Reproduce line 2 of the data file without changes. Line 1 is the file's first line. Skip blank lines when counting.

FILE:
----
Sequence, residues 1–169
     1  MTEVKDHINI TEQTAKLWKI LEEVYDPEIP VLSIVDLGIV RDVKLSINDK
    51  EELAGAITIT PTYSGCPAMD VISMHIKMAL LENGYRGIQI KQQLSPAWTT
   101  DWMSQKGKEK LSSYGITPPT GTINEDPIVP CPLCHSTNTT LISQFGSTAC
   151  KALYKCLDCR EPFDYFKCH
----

     1  MTEVKDHINI TEQTAKLWKI LEEVYDPEIP VLSIVDLGIV RDVKLSINDK